3.3 Empirical results

Table 1 shows the results for signature prediction task in the first dataset. The table demonstrates the results obtained with single feature representation schemes and some their combinations as well. It is obvious that SIFT feature set can not contribute so much in signature detection; all performance metrics with solely SIFT feature is too low in comparison to the others. HOG feature set provides the highest specificity with a terrible sensitivity and lower accuracy. The gradient-based and LTP feature sets can achieve the highest accuracy levels with a reasonable balance between specificity and sensitivity, whilst the LTP feature set performs slightly better. On the other hand, the performance achieved by solely use of LTP can not be enhanced with the addition of other features in an integrated feature set. Although global feature set looks useless in its single use, it can improve the overall accuracy when it is combined with gradient-based features. This combination indeed attains the highest performance for all metrics. An interesting result is that a noise removal step is not useful even harmful for signature detection performance. This is probably because of the fact that connected lines inside the signatures, which are considered to be major indicators of being signature, are slightly removed by the noise reduction procedure. Knowing this fact, the noise removal is not applied in the models of integrated feature sets and the experiments for second dataset.

The experimental results for the task of detecting whether a whole document page contains a signature are given in Table 2. This experiment is performed on the second dataset containing complete document pages with a classifier model trained by all signature samples in the first data set. The results still suggest that the use of gradient-based feature sets with global features can serve the most reliable way of detecting signatures in scanned documents.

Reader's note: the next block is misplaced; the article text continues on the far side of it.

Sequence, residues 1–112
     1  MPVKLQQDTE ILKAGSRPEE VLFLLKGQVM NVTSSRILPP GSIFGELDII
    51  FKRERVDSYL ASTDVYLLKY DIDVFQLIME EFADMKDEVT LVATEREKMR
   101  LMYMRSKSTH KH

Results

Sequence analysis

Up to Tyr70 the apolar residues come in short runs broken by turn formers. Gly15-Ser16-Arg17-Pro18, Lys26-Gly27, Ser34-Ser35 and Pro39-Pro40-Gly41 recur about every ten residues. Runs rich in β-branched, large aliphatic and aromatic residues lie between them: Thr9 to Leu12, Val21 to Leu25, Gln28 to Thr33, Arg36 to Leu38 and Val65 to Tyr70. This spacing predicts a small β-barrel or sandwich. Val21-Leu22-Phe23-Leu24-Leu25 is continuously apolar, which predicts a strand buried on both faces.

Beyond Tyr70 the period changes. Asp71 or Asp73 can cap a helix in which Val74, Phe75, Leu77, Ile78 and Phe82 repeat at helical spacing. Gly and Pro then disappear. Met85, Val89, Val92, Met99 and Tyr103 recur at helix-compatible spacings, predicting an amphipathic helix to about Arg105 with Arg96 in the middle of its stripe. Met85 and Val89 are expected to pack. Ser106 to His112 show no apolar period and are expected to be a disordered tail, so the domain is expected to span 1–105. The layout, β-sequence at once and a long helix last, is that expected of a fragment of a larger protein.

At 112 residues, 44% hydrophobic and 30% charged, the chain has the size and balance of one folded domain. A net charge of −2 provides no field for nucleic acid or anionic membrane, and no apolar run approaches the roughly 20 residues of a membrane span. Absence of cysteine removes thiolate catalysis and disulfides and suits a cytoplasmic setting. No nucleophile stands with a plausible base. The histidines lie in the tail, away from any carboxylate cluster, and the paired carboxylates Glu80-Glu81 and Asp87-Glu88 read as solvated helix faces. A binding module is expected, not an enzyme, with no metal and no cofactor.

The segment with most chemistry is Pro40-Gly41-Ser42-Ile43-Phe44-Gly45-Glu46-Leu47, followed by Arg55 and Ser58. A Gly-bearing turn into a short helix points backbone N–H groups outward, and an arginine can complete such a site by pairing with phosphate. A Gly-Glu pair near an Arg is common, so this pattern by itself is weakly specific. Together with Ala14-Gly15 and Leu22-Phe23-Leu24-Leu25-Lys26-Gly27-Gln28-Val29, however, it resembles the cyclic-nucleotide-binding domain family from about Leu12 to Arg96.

Manual inspection of individual results reveals some difficulties in signature detection problem. It evidently appears that there are two major reasons for false positives: (1) machine printed texts with highly connected fonts, and (2) handwritten initials, marks or other signs to check some choices on the application documents (Figure 2). Missing true positives is usually caused by the intervening signatures with other texts or figures of the document, especially when the signature is much smaller than the other intervened part or the faint fonts due to low scan quality or resolution (Figure 3).

4 Conclusion

A framework is introduced for detecting handwritten signatures in scanned documents. The framework involves a robust and reliable segmentation stage. A number of descriptive image features are studied to discern their performances on distinguishing signature and nonsignature images. Based on the empirical results, it is shown that gradient-based and LTP features are more useful in classifying signature segments in their single uses. In some cases, combining feature representation schemes can enhance the reliability of the predictions. In that sense, global features such as the aspect ratio, energy and entropy of the candidate segments can serve as lucrative complementary properties. The experimental results on real daily bank operation documents motivate the use of the framework in real life applications. The framework is quite extensible with the use of additional domain-specific local image features. Our feature work involves adding various rule-bases into different stages of the current framework to filter out improbably signature segments to obtain higher accuracy in predictions. We also anticipate that integrating the predicted document type from entire page content as a latent variable into feature sets will probably improve the detection performance.


This study was supported by the Turkey Ministry of Science, Industry and Technology by SANTEZ Project

Grant No. 01522.STZ.2012-2